SHANGHAI, China The Chinese governments latest five-year plan highlights the countrys scrap industry as a key sector, leading market players to expect government-backed growth in that industry in the near future.
The Chinese government said it wants to encourage moreand more-efficientrecycling of the growing reservoir of waste material emerging after decades of rapid economic growth, particularly as it encourages the steel industry to rely less on iron ore and more on ferrous scrap.
The government also wants to tackle Chinas carbon emissions and environmental problems by supporting the emergence of "clean" industries, such as recycling.
As part of the apparent policy shift, the government could apply a value-added tax (VAT) rebate on scrap sales starting next year, sources said.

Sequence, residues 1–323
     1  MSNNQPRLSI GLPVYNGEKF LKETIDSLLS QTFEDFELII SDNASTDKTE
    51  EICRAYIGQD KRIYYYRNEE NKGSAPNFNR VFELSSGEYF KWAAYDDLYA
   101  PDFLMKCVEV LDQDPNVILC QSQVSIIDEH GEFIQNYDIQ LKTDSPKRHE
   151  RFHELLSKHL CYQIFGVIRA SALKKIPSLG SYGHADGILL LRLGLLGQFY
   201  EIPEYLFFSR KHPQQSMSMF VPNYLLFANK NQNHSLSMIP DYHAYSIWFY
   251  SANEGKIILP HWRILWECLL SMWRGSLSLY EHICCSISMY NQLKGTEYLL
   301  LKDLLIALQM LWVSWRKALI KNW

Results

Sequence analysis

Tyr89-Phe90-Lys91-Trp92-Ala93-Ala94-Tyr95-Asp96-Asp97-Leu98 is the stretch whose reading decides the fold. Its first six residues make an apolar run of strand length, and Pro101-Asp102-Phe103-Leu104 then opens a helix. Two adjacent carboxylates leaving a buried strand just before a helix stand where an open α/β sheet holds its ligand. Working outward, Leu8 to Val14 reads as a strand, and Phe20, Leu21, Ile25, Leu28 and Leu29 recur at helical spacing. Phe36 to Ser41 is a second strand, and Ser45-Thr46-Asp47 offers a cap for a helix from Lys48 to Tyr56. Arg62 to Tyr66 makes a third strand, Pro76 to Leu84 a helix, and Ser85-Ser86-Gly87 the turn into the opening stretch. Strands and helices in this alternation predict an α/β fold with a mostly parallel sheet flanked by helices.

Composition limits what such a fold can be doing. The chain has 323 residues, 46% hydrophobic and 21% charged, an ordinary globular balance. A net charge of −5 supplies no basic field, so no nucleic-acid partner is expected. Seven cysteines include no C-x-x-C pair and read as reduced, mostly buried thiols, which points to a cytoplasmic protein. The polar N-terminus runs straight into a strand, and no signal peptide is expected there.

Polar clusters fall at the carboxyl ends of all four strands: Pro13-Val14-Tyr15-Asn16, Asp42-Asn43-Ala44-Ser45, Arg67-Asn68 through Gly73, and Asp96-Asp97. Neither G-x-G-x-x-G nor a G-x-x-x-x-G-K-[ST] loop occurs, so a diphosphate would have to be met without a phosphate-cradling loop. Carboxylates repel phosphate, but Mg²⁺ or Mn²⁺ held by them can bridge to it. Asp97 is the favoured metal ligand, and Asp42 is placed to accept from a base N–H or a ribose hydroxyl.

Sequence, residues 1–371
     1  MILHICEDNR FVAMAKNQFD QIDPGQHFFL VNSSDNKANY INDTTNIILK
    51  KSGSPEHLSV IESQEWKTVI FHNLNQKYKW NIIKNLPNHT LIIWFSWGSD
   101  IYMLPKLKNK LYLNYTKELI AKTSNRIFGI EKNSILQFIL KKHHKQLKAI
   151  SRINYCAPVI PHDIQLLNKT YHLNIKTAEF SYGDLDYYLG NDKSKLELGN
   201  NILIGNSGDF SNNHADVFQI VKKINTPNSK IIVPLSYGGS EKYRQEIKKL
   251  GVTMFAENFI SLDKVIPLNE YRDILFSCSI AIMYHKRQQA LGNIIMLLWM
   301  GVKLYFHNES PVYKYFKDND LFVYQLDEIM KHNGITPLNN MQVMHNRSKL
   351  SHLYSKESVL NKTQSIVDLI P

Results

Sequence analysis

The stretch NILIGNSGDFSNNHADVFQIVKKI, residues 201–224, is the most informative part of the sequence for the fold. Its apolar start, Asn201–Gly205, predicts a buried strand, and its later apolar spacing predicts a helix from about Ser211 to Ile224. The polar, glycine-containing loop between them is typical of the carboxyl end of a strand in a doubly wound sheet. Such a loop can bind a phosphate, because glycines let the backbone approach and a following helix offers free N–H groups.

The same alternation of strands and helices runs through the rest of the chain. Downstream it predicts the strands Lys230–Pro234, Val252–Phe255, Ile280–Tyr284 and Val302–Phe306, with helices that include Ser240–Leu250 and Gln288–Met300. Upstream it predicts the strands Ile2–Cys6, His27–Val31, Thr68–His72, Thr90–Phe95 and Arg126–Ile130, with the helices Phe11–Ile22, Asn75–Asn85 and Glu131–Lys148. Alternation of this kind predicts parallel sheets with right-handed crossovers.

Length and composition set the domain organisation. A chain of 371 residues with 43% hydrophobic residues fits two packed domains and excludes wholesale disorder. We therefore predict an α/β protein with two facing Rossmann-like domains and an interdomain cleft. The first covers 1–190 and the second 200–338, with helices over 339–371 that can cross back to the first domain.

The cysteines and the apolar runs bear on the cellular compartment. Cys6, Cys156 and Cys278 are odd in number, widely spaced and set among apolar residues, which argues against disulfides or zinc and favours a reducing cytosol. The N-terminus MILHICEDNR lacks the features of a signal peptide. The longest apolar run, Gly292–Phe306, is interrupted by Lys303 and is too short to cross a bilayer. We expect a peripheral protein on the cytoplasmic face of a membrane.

The scrap industry association has been lobbying the government for possible incentives and "some tax cut is expected in 2013 to encourage production," a source at the China Association of Metal Scrap Utilization (CAMU) told AMM sister publication Steel First.
CAMU said it hopes the VAT will be slashed to 8.5 percent from 17 percent.
Ferrous scrap companies are now eagerly awaiting the expected tax cut, which may help them increase supply to meet growing demand for scrap.
"Chinas scrap supply remains tight and scrap only (accounts for) a small proportion of raw material feed at Chinese steel mills. To increase scrap supply and consumption, an incentive like a tax cut is needed," a steel mill source in eastern China said.
A version of this article was first published by AMM sister publication Steel First.